After any kind of traffic accident, if someone files a car accident lawsuit against you claiming the crash was your fault, one of your options may be filing a counterclaim in court. Here's what to know at the outset:
A counterclaim is a legal claim that the defendant in a lawsuit (the person being sued) can file against the plaintiff (the person who filed the original lawsuit). (Get the basics on car accident lawsuits.)
A counterclaim is not a separate lawsuit, and the allegations in it must usually relate to the subject matter of the original complaint—so it must pertain to the underlying car accident, and not to some other legal dispute—although there can be exceptions, which we'll touch on below.
It's important to keep in mind that a counterclaim is a legal filing that's part of a larger, court-based lawsuit. It's not a type of insurance claim. If someone involved in your car accident files an car insurance claim for their losses, you can always file your own separate insurance claim (like a third-party claim against the other driver's insurance company) seeking compensation for your own accident-related harm. But that's not referred to as a "counterclaim" in the insurance world (or anywhere else).
Here's how the standard counterclaim arises in a car accident lawsuit:
Assuming that Barry has car insurance, his insurer will likely handle all aspects of the counterclaim, since it's likely that the insurer has already appointed a car accident lawyer to defend the lawsuit in court.
In fact, it's generally the car insurance company, and not the driver, who will decide if a counterclaim should be filed at all. If the driver wants to file a counterclaim, but the driver's insurer doesn't think it's a good idea, no counterclaim will likely be filed.
Let's take a closer look at how the counterclaim in a car accident case will work, in the context of Anna's lawsuit against Barry.
The lawsuit begins with the service of the "complaint" and "summons" by Anna (the plaintiff) on Barry (the defendant). In many states, Barry will then have a short period of time, possibly four weeks, to determine how he wants to respond. Learn more about starting a personal injury lawsuit.
If Barry decides to file a counterclaim, he must file an "answer" to Anna's complaint with the court, and then file the counterclaim according to the court's rules.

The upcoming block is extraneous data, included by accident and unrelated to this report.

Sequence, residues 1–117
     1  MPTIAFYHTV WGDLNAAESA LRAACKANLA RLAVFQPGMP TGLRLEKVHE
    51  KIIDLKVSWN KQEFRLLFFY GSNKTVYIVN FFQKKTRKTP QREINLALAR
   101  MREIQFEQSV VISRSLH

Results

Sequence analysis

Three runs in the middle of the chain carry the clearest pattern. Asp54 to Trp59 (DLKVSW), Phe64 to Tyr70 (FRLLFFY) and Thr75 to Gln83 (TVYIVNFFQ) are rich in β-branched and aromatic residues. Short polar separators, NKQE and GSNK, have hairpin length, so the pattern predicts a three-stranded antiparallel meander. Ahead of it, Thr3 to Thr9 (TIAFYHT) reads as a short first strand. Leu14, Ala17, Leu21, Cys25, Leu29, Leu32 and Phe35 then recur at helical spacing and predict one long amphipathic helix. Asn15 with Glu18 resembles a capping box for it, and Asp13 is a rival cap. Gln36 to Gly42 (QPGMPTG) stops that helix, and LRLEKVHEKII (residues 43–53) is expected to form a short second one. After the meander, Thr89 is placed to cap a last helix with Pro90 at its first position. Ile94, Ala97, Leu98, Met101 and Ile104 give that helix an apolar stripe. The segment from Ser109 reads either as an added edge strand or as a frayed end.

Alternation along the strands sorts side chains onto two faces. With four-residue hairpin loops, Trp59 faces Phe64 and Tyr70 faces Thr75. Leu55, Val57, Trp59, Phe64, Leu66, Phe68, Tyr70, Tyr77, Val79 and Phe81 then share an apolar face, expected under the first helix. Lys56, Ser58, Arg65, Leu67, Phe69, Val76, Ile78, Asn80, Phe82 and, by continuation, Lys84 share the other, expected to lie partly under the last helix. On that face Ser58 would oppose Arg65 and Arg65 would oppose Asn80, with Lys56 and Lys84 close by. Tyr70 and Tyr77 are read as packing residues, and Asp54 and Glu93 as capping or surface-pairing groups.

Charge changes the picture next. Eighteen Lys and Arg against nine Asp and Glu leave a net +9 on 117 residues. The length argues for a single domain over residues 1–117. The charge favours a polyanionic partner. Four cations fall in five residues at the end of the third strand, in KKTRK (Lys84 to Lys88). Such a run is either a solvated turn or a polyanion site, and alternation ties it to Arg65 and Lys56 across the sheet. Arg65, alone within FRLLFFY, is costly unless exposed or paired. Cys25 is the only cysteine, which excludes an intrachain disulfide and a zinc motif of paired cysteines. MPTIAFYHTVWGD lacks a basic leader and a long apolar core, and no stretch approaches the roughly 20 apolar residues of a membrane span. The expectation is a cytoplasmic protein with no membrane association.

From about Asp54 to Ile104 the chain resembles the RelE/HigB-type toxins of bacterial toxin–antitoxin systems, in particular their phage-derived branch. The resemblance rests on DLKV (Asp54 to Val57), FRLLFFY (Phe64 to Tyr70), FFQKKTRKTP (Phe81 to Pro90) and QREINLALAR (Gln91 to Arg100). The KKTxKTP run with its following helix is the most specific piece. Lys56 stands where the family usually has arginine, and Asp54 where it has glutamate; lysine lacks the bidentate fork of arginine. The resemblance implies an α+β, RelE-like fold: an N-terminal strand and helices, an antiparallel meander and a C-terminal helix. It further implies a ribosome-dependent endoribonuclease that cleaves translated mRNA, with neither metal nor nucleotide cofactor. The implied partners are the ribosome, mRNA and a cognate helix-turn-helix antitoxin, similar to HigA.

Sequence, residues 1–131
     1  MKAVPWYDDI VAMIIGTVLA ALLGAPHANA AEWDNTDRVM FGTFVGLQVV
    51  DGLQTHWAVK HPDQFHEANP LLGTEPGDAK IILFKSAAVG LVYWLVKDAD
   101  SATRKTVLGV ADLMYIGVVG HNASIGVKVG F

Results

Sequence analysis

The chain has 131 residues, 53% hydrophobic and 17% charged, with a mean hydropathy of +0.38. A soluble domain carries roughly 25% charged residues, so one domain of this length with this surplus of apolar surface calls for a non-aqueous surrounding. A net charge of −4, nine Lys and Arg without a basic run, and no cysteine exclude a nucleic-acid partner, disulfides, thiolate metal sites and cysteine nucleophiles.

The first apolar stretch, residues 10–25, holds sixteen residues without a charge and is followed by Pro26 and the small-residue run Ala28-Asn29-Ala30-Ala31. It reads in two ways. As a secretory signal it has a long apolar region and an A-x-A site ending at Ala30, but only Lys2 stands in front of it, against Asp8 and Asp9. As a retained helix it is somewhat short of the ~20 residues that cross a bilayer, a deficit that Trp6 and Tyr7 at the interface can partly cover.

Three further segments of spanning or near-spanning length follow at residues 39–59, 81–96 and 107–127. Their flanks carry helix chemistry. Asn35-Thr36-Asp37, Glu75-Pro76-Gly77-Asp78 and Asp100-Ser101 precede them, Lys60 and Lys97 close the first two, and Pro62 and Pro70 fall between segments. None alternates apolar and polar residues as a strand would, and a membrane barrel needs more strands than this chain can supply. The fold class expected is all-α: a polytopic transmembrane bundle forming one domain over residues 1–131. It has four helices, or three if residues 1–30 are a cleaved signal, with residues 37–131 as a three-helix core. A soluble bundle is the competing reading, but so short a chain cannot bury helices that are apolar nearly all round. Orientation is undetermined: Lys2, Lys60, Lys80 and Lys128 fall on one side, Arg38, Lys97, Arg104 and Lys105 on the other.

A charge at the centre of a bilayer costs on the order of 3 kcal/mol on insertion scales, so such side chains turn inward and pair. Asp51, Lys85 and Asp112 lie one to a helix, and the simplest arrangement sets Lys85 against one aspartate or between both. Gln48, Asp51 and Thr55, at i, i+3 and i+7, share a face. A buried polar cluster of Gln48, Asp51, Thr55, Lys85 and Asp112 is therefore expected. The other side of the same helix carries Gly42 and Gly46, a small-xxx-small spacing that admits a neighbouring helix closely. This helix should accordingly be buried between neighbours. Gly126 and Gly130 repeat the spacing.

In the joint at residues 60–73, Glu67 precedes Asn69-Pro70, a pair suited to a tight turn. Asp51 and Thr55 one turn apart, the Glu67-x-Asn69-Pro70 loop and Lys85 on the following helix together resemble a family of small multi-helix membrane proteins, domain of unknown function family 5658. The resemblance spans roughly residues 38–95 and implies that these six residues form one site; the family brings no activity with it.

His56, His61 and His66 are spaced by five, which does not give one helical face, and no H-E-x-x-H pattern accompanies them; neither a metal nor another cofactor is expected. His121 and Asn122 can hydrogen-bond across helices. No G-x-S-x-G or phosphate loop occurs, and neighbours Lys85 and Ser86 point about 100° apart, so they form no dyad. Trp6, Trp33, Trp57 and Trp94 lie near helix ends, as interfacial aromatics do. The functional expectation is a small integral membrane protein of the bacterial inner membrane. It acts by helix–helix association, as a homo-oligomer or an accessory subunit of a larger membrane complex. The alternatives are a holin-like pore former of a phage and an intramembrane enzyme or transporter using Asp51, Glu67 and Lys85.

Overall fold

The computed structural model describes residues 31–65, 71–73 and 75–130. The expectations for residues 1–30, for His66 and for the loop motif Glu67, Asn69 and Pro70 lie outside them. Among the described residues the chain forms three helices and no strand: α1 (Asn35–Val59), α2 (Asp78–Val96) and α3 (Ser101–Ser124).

Discovery (the pretrial investigation process) will then begin on both the complaint (Anna's original lawsuit) and Barry's counterclaim. During the discovery process, both parties will investigate one another's allegations, using tools like:
Keep in mind that the parties are entitled to conduct discovery on the allegations of Barry's counterclaim just as if it was a regular lawsuit.
Let's say that the parties complete discovery and conduct mediation, but the settlement negotiations fail. Now they have to go to trial. Let's look at how a trial proceeds when a counterclaim is involved.
The evidence on the counterclaim is generally heard at the same trial in which the evidence on the main lawsuit is heard. The major difference between presenting evidence on the main lawsuit and evidence on the counterclaim is that it is the defendant (Barry) who has the burden of proving the allegations of the counterclaim (remember that the counterclaim is an independent legal claim, not a defense).
In any trial, the plaintiff will make the first opening statement to the jury. Then, the defendant will make an opening statement. After the opening statements, Anna (as the plaintiff) presents her evidence (calling witnesses, entering documents and diagrams into evidence, etc.) first.
After Anna has finished presenting her evidence, Barry will present his evidence on both:
After Barry finishes presenting his evidence, Anna will then have a chance to present additional evidence in response to Barry's case.
Finally, the parties will make their closing arguments. The defendant usually goes first and the plaintiff last. But in some states:
The judge's instructions to the jury and the jury deliberation form are more complicated when there's a counterclaim.
In a regular car accident case, the jury simply decides if the defendant was negligent, and, if so, they next calculate the plaintiff's damages. When there's a counterclaim, the jury has to:
In order for the jury to understand what it's doing, the judge has to give additional instructions to explain exactly what a counterclaim is and who has what burden of proof.
If you're thinking about filing a counterclaim as part of a car accident lawsuit that's been filed against you, it's probably time to discuss your situation (and your options) with an experienced legal professional. If your insurance company has appointed a lawyer to defend you, start by talking with them about the prospect of filing a counterclaim.
If no lawsuit has been filed yet, and you're trying to be proactive and protect yourself, you might want to try finding a lawyer on your own. Learn more about how an attorney can help in a car accident case and get tips on getting help from a personal injury lawyer.